Friday, September 18, 2009

This time a big saddle ooops

I start to feel confident because some riding stuff is coming back to me, then I'm reminded of the simplest thing I didn't remember but was really really important and I feel totally green with horses all over again.

So, I bought my saddle brand new just over a year ago and it really is a lovely and incredibly comfortable saddle. But over the last year the leather has stretched and relaxed and I think Girlfriend's back and gotten just a bit more swayed since she's quite senior now at 25. My client for this morning canceled so I went out to see Girlfriend and my instructor and her student Dorothy said I could join Dorothy in her lesson. Girlfriend was acting up more than usual (I noticed that even now she still acts up a lot more when there's another horse in the arena - I hadn't noticed for awhile because I'd been out at the barn when no one else was out there so much over the summer). And Sheryl (my instructor) kept having to tell me during trotting to pull my saddle more to the left. Girlfriend would break her trot and canter when I hadn't told her to and I'd correct her and instantly Sheryl would yell, "Pull your saddle back to the left!" My back was starting to hurt both from trying to do a posting trot and correcting her without unconsciously pulling the saddle to the right, and from having to post and pull the saddle to the left (and cause I'm not in very good shape).

Finally Sheryl came over to check my girth, which was as tight as I could make it without something to give me extra torque, and she said, "Oh my god! Your saddle doesn't fit!" The tree was flush on Girlfriend's withers and was obviously uncomfortable for her and over time could really injure her. I almost sprang off her like I had a spring under my butt I was so horrified I was accidentally doing something to hurt her. That would explain why she had progressively gotten more and more pissy about having her girth tightened. I feel horribly guilty for not knowing/remembering that from 25 years ago when I used to ride.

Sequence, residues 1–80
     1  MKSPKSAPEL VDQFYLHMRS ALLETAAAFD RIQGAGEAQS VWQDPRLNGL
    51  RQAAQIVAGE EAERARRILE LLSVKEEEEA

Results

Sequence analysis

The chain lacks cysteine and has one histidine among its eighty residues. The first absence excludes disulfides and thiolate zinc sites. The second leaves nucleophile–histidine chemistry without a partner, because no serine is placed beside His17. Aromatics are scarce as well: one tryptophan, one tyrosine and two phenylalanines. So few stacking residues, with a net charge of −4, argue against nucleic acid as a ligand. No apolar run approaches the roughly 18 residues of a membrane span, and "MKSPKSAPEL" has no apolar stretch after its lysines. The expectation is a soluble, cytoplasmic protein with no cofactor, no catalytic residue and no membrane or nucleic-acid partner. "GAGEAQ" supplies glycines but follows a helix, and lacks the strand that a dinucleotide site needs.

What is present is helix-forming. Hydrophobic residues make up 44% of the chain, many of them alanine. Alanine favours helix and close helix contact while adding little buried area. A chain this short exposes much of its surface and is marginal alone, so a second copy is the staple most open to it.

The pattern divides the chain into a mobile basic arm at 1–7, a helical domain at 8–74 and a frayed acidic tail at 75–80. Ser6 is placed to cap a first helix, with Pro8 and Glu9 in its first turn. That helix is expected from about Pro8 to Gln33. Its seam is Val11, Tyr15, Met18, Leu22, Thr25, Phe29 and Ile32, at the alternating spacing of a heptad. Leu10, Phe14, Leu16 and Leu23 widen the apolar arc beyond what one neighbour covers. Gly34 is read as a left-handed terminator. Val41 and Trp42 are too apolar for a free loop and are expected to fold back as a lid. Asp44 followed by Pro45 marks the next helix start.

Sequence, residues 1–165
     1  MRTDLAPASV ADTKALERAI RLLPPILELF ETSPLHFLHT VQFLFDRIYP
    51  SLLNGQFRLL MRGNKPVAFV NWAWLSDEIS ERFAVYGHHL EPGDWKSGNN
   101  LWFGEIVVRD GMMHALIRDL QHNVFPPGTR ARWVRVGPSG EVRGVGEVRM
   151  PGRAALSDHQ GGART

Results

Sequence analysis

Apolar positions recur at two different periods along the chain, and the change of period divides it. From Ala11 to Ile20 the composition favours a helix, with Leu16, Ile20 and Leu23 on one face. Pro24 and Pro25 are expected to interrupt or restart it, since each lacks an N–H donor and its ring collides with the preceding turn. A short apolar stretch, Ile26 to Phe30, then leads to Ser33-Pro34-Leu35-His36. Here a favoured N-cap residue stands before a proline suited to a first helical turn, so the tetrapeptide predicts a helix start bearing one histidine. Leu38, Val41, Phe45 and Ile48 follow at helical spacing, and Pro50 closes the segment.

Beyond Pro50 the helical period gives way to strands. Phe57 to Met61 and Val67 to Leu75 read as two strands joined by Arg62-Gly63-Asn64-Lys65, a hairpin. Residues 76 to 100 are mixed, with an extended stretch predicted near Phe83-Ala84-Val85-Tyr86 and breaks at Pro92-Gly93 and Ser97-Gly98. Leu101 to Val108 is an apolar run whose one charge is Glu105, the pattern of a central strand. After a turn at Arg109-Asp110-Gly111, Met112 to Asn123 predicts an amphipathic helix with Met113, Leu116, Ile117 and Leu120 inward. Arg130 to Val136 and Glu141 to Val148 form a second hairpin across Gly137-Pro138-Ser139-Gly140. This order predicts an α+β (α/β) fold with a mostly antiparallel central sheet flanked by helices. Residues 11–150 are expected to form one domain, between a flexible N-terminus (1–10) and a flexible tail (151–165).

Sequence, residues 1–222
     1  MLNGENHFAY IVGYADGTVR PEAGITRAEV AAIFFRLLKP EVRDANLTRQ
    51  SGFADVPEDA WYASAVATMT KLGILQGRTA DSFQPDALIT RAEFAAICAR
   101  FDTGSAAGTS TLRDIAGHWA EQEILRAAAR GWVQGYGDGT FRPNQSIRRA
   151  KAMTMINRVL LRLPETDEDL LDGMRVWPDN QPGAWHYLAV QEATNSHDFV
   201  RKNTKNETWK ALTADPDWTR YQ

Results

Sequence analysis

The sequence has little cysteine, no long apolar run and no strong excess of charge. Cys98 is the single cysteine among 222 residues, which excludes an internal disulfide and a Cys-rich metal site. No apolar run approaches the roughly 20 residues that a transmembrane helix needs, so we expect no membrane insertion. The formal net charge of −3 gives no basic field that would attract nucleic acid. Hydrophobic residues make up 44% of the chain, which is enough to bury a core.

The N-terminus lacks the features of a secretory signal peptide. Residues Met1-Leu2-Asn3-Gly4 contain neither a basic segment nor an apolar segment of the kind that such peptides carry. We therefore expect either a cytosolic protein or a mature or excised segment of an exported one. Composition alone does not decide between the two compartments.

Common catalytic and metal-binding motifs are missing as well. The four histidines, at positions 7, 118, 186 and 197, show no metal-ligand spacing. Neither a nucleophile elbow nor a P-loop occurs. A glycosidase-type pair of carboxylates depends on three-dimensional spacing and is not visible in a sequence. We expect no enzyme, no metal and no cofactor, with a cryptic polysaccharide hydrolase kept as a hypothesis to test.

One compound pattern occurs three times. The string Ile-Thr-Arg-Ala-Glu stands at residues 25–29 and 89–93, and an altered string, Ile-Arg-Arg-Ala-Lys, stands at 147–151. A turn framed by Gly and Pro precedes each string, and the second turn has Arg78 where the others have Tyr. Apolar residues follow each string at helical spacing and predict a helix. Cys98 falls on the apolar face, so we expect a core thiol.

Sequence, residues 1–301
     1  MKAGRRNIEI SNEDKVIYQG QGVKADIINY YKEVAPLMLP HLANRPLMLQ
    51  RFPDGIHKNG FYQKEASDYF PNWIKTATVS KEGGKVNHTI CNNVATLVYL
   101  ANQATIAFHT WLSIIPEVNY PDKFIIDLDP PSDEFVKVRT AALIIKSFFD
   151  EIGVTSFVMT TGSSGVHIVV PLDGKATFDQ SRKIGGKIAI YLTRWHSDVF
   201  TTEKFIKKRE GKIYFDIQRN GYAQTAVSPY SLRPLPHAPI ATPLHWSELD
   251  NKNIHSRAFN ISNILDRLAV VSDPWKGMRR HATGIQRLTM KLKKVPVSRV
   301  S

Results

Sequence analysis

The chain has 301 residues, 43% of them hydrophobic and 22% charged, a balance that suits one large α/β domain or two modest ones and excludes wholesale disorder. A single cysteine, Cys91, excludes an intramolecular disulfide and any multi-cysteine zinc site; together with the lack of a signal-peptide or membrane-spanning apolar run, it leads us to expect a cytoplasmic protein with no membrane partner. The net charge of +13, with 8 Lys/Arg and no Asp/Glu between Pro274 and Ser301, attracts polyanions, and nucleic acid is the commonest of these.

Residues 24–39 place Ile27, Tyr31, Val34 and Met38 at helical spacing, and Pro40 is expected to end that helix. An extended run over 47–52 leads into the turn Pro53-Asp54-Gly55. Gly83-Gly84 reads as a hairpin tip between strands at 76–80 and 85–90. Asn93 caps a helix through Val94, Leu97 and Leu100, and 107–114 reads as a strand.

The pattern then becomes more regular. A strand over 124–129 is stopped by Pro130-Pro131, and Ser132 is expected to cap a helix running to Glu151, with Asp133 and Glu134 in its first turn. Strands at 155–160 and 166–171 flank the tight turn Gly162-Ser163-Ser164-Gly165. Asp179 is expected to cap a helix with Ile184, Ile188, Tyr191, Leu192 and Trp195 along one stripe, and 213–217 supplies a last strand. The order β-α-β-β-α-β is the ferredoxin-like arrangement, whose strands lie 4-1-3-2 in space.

Our lesson had just started so Sheryl sent me to go get one of her English saddles, which I have not ridden Girlfriend in yet. In fact, Girlfriend has never even had an English saddle on. Somehow me - an English rider who takes lessons at an English barn, ended up with a Western trained horse so of course a Western saddle and hackamore, but in my lessons I was still learning English technique. But honestly, I was afraid to try riding Girlfriend in an English saddle. I've ridden Sheryl's horses in my lesson in an English saddle, but Girlfriend is so hot and it takes so much effort to control her desire to run that I've been scared to give up my cushy saddle with the big, bulky stirrups and the big saddle horn right there to grab if I lose my balance. Ok, so it's been almost a year since I've had to grab the saddle horn to keep my balance, and I saw that holding onto the saddle horn didn't help Jessie stay on when Girlfriend bolted with her, but it's a psychological crutch more than anything.

After my little freak-out about how I wasn't a good enough rider yet to try Girlfriend in an English saddle Sheryl said, "Oh good god. You know this horse like the back of your hand. Go get the saddle. The black Wintek. The big one, not the kid one." So, I slunk off for the umpteenth time in the last year thinking Sheryl had a foolishly disproportionate confidence in my ability to not really hurt myself and saddled up Girlfriend in an English saddle. When we tightened the girth Girlfriend let out a big, happy sigh and I could tell she was relieved to have a proper fitting saddle on. I was happy to be using a saddle so light compared to mine that I could've juggled about three of them. Ah ... the joys of English saddles.